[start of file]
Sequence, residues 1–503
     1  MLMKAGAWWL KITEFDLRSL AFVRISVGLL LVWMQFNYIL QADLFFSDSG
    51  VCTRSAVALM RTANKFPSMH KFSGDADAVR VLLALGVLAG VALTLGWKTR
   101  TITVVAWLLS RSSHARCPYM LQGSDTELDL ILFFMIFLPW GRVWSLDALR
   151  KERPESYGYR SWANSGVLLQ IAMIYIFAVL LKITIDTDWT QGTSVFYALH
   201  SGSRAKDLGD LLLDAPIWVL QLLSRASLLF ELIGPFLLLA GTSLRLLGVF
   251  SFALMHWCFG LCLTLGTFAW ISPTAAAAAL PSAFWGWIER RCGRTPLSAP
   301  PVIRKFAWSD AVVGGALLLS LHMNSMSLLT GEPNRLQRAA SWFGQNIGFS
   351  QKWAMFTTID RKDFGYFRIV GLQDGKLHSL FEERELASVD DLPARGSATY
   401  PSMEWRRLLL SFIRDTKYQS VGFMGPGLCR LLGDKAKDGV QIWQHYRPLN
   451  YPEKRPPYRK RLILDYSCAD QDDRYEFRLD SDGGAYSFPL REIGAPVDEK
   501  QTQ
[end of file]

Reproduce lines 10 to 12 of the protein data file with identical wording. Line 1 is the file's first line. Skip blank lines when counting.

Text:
   401  PSMEWRRLLL SFIRDTKYQS VGFMGPGLCR LLGDKAKDGV QIWQHYRPLN
   451  YPEKRPPYRK RLILDYSCAD QDDRYEFRLD SDGGAYSFPL REIGAPVDEK
   501  QTQ